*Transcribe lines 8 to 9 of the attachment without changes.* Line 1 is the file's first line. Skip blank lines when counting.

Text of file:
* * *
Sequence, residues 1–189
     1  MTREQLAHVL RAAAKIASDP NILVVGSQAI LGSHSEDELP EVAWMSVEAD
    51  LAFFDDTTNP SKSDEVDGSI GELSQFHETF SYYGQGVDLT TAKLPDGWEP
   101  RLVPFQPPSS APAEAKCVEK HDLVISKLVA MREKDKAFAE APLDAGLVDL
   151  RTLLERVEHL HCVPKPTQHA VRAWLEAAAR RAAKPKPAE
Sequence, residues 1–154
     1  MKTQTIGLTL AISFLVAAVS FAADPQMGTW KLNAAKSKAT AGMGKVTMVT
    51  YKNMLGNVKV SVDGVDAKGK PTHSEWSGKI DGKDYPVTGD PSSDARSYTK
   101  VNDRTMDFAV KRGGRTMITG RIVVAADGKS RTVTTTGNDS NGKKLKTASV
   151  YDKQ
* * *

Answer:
    51  YKNMLGNVKV SVDGVDAKGK PTHSEWSGKI DGKDYPVTGD PSSDARSYTK
   101  VNDRTMDFAV KRGGRTMITG RIVVAADGKS RTVTTTGNDS NGKKLKTASV